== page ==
A new study published in the Journal of Clinical Investigation Insight has identified a unique autoantibody directed against a cellular protein named GRP78 which accelerates atherosclerosis, the underlying cause of cardiovascular disease.
The research team, led by McMaster University vascular biologist Richard Austin, has now demonstrated that anti-GRP78 autoantibodies can bind to GRP78 on the surface of lesion-resident endothelial cells and speed up atherosclerosis.
The study also demonstrated that mouse models of atherosclerosis as well as patients with established cardiovascular disease have significantly elevated blood levels of these autoantibodies that both correlate and contribute to disease progression.
“Normally, GRP78 is embedded in cells where it acts as a molecular chaperone to assist in protein folding. However, we made the surprising discovery that GRP78 moves to the surface of lesion-resident endothelial cells and activates the immune system to generate anti-GRP78 autoantibodies,” said Richard Austin, the senior author of the publication and professor in the Department of Medicine at McMaster.
“This increase in the levels of anti-GRP78 autoantibodies have the unique ability to bind to GRP78 on the surface of endothelial cells which drives several critical stages of atherosclerosis,” added Ali Al-Hashimi, co-first author of the publication and postdoctoral fellow with Austin.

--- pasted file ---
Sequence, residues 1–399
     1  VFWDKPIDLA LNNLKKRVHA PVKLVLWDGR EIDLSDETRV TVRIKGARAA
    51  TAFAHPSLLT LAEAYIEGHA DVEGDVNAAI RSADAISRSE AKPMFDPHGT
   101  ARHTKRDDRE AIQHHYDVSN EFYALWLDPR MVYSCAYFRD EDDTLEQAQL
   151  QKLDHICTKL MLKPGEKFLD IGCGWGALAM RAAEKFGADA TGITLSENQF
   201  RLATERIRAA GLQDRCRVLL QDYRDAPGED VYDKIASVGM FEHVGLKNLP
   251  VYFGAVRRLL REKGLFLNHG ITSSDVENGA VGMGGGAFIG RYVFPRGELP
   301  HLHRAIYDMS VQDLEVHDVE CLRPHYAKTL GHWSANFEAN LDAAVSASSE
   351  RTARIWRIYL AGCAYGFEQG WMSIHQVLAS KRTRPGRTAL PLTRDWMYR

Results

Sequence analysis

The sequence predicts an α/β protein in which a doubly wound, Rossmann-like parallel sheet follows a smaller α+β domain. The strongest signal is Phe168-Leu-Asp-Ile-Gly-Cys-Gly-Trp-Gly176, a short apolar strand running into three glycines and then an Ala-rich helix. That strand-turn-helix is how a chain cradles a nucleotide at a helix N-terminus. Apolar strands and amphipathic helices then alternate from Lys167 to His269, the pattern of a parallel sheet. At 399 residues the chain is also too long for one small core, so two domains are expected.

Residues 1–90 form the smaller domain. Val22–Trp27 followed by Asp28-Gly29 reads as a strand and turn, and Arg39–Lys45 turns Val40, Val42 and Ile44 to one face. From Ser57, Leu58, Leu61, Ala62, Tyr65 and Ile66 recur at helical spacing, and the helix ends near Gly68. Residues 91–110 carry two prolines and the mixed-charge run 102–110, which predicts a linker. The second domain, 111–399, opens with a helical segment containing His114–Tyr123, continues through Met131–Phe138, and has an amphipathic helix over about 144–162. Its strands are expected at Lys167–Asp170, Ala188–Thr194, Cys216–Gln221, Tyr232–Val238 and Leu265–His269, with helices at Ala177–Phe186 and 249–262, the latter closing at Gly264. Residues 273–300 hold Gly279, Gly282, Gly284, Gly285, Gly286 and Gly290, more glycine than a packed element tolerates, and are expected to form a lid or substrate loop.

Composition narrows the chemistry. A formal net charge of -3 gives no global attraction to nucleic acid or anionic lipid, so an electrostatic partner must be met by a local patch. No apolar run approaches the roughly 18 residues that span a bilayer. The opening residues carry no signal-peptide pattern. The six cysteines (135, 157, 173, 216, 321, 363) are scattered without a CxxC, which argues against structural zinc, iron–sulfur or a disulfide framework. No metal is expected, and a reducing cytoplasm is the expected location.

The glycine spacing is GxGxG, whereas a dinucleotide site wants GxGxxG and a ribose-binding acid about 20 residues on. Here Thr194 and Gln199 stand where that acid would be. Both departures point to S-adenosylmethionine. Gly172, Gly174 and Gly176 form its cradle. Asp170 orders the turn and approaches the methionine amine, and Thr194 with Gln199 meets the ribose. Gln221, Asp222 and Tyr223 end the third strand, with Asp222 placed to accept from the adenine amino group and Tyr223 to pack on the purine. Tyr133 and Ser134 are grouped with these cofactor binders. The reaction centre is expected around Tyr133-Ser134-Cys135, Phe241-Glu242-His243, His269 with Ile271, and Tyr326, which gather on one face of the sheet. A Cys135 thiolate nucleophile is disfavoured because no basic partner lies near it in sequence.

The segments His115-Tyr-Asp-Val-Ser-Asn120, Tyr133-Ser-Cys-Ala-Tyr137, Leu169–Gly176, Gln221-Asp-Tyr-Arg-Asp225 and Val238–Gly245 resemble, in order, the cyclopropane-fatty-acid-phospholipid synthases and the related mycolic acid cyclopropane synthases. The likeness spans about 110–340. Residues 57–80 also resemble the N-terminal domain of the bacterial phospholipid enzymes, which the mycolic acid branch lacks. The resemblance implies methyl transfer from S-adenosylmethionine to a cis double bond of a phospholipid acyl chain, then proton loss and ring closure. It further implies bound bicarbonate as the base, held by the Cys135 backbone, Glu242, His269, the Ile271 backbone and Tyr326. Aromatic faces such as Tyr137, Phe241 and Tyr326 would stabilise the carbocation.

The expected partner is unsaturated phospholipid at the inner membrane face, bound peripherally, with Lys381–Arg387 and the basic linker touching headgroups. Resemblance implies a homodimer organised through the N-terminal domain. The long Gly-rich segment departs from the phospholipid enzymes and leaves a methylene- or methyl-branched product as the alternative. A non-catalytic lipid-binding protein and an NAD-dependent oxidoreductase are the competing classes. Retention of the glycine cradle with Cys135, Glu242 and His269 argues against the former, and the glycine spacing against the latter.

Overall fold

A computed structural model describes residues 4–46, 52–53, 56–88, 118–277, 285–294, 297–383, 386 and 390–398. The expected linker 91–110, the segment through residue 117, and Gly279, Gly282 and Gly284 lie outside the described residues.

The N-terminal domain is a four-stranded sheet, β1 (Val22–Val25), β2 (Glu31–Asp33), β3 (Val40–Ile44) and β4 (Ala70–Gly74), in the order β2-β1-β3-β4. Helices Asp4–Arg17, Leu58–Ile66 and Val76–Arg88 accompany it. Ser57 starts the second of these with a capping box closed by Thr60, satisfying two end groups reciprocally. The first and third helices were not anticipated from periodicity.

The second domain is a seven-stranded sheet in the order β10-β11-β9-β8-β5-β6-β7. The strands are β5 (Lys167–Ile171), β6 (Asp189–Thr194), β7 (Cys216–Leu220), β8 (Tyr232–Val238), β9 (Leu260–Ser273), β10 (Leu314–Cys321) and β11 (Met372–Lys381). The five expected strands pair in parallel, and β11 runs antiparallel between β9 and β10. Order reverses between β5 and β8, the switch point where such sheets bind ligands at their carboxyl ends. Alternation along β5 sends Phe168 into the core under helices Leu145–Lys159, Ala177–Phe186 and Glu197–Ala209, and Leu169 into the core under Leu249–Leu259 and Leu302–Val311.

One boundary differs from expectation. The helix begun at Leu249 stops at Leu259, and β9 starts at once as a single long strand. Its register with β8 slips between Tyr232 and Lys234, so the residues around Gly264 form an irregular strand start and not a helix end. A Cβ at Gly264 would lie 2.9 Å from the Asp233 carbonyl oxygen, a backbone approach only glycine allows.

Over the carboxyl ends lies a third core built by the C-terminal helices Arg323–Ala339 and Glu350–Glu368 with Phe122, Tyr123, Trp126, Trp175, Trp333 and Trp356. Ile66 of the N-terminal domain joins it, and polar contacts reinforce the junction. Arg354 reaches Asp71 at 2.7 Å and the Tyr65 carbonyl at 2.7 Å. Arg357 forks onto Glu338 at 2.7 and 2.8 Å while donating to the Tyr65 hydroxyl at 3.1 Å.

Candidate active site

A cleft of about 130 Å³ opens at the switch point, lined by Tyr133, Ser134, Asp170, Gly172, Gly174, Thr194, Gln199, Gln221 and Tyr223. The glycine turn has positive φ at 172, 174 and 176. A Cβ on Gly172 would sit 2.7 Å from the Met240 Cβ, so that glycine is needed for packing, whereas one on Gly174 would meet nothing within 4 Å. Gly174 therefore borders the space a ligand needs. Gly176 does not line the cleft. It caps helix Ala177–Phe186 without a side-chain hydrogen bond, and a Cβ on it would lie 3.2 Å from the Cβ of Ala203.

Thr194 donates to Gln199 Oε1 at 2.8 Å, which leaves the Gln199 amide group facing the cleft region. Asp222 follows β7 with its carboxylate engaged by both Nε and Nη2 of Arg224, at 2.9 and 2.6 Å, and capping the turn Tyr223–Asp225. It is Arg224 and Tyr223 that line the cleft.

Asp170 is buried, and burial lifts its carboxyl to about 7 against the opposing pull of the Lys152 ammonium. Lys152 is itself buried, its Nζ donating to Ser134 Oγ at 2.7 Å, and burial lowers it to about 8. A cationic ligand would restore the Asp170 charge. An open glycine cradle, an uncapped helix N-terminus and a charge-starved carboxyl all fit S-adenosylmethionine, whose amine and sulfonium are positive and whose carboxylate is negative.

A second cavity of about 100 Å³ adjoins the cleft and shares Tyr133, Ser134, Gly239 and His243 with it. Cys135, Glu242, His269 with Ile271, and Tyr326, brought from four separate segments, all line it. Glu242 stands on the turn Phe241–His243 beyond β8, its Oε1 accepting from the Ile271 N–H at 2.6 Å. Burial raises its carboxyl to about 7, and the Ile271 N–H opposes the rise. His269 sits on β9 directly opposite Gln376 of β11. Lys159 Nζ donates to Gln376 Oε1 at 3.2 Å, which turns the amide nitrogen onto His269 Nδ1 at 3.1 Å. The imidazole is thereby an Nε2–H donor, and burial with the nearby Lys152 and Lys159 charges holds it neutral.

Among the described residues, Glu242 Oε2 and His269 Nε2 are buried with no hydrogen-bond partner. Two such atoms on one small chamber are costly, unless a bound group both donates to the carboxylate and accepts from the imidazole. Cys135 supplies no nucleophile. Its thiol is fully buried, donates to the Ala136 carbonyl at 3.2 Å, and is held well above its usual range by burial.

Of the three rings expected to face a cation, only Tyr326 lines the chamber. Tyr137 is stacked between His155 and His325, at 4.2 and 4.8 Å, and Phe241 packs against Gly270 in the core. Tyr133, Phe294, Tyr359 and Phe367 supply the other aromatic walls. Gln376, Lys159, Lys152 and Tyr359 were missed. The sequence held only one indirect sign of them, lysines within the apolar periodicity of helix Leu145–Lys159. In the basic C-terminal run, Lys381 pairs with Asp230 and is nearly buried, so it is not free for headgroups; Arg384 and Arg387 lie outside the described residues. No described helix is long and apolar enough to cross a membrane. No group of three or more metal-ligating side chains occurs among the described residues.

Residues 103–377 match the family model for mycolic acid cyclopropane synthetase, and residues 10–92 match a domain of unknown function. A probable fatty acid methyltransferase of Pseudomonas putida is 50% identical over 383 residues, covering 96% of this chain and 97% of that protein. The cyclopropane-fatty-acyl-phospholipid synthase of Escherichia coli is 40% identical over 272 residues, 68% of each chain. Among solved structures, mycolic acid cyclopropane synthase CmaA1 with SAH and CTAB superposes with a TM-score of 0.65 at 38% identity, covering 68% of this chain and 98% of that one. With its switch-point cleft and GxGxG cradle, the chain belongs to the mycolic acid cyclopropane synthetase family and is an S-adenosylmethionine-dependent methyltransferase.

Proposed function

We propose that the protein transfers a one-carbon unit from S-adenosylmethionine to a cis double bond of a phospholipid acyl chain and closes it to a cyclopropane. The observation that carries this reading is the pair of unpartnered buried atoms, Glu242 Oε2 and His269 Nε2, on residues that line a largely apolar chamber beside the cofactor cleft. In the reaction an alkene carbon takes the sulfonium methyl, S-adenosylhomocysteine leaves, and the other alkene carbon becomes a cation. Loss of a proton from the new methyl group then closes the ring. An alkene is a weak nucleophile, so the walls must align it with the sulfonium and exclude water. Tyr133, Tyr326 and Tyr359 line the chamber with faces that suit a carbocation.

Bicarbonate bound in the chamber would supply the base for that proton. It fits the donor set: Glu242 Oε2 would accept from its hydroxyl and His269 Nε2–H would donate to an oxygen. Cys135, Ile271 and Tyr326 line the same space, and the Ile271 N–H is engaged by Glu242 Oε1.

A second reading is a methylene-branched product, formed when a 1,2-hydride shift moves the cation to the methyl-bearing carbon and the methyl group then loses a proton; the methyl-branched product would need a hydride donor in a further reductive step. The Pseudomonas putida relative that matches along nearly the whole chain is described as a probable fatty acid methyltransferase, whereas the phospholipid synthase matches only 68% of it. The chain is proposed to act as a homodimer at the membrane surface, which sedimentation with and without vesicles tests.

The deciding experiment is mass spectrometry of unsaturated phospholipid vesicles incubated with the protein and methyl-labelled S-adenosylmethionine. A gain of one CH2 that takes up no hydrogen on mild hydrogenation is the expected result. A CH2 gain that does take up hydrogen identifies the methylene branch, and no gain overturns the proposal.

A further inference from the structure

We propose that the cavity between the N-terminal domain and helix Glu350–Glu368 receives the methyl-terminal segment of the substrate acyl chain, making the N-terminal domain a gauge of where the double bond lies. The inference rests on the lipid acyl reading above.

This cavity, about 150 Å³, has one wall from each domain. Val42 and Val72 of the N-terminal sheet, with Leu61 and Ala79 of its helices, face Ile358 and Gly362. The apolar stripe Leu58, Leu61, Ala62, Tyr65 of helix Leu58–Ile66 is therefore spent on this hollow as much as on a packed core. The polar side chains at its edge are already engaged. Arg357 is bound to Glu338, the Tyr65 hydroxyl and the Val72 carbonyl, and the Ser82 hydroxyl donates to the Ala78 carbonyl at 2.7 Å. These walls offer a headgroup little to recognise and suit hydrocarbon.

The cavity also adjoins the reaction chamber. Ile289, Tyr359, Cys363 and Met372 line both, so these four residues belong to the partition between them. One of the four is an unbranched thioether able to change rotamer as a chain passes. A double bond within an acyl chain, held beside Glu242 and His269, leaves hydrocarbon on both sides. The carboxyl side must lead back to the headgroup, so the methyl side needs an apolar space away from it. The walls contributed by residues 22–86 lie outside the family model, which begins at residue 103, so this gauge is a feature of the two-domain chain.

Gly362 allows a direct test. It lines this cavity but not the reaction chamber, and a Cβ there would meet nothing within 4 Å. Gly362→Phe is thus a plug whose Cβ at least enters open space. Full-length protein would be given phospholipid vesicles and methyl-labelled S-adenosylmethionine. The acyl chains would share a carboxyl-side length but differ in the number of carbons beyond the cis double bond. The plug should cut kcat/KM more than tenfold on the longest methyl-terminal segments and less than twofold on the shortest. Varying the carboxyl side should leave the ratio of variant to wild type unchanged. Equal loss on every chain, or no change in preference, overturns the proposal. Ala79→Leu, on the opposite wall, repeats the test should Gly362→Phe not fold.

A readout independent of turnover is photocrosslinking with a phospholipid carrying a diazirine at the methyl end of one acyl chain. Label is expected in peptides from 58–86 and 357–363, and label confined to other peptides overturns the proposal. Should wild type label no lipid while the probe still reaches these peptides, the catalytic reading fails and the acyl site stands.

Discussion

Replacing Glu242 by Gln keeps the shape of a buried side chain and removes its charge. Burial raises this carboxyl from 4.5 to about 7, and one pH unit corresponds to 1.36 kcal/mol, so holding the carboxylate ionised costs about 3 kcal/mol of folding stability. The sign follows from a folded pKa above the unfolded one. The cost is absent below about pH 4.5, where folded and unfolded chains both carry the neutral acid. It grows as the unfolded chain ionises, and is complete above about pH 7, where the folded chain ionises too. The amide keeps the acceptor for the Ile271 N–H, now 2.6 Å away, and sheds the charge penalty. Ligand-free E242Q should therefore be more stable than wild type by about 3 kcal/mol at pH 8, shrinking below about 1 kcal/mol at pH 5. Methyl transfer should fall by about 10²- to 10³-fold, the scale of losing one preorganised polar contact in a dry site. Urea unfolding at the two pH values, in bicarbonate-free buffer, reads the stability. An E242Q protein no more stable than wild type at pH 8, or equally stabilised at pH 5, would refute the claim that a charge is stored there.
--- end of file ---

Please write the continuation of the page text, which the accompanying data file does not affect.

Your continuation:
“This is what accelerates atherogenesis and hence the increase in cardiovascular disease.”
The research was a collaborative effort with Wadih Arap and Renata Pasqualini from the Rutgers Cancer Institute of New Jersey and Katey Rayner from the University of Ottawa. The Austin research laboratory is located at the Hamilton Centre for Kidney Research which is part of the Research Institute of St. Joseph’s Healthcare Hamilton.
“In recent work, our groups showed that autoantibodies against GRP78 stimulated tumor growth,” said Pasqualini, who is chief of the Division of Cancer Biology at Rutgers New Jersey Medical School and a Rutgers Cancer Institute of New Jersey member.
“Here, this collaborative research adds up to yet another level of complexity to the biology of stress-response chaperones and their corresponding autoimmune humoral response by demonstrating a role in atherosclerosis with potential importance to the management of cardiovascular disease patients.”
“The observation that the FDA-approved and commercially available drug enoxaparin (Lovenox) may protect against atherosclerotic lesion growth and may stabilize the plaque by specifically disrupting the binding of anti-GRP78 autoantibodies to cell surface-associated GRP78 is mechanistically interesting and could well open up new therapeutic strategies,” added Dr. Arap, who is director of Rutgers Cancer Institute of New Jersey in Newark and chief of the Division of Hematology/Oncology at Rutgers New Jersey Medical School.
“Given these exciting findings, we are now in the process of identifying novel compounds or biologics having the capability of specifically inhibiting this association as a means of reducing the risk of cardiovascular disease,” said Al-Hashimi.